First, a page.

Our family moved from Toronto to the Waterloo region in 1970. My parents made some new friends in the area of Hawkesville and we attended church at the moderate Mennonite church in that small rural community. On the way there, we passed the Martin Mennonite Meeting House which was within the Waterloo city limits. This congregation, who had arrived from Pennsylvania, started meeting in 1824. The first meeting house was built here in 1848. I remember the Old Order Martin Congregation arriving by horse and buggy on alternate Sundays. Every other Sunday, the Markham-Waterloo Mennonites arrived in their black cars. Both congregations shared the building for many years.
The city has grown significantly in the past 30 years and the area around the meeting house and large cemetery is surrounded by malls, offices and auto dealerships. For a period of time, there was a strip club right across the road, but this is now the site of a large Orthodox church and banquet hall.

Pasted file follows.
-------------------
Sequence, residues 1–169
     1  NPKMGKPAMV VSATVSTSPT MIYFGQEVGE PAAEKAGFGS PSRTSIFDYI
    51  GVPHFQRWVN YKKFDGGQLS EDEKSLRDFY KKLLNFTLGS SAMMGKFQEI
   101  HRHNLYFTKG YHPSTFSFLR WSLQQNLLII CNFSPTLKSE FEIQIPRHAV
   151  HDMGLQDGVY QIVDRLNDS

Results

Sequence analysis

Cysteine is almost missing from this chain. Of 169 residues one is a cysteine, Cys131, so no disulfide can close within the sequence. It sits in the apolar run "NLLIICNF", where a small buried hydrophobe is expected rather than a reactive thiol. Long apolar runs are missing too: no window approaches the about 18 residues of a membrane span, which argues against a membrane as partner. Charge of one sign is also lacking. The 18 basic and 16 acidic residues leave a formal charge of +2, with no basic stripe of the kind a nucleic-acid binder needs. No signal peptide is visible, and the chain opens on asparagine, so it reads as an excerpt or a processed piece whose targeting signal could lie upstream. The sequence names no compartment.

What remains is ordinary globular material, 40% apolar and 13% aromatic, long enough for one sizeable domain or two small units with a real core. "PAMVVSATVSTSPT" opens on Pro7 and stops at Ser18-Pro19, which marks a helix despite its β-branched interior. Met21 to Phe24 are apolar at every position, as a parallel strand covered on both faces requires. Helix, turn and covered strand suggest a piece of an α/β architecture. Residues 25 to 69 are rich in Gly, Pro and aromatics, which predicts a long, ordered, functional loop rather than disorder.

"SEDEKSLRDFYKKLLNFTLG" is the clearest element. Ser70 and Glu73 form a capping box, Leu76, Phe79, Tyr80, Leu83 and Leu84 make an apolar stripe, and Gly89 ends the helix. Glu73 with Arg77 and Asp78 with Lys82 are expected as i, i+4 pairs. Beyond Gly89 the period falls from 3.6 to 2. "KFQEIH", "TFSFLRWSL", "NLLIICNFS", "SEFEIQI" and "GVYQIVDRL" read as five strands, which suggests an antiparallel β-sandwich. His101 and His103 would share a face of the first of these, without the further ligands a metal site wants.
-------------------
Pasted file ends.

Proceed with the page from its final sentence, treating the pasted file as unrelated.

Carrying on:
The Old Order Mennonites stopped using this building in 1993 as the traffic conditions were too busy for horse-drawn vehicles. The building was used for funerals until 2001, but is now vacated completely even though the grounds are well maintained. The simple building looks out of place in the urban landscape.
I love old cemeteries and the history that they record. The name Martin is one of the top six Mennonite surnames in the area, the others being Shantz, Eby, Baumann, Weber and Snyder. The Old Order Mennonites are buying farms north and west of here to escape the busyness of the growing city. It is very unusual to see a horse and buggy downtown now and essential trips are made by bus, or with a neighbour who has a car. When we visited Lancaster County in Pennsylvania a couple of years ago, we found the Amish community was promoted strongly as a tourist attraction. The OOM in this area seem far more private and tend to move away from the curious stares of visitors.
This historical landmark will remain as a ghost town, and remind us of the hardworking people who settled this area and contibuted to its unique heritage.
(Here is a link to a site called From Pennsylvania to Waterloo, a biographical history of the Mennonites in this region.)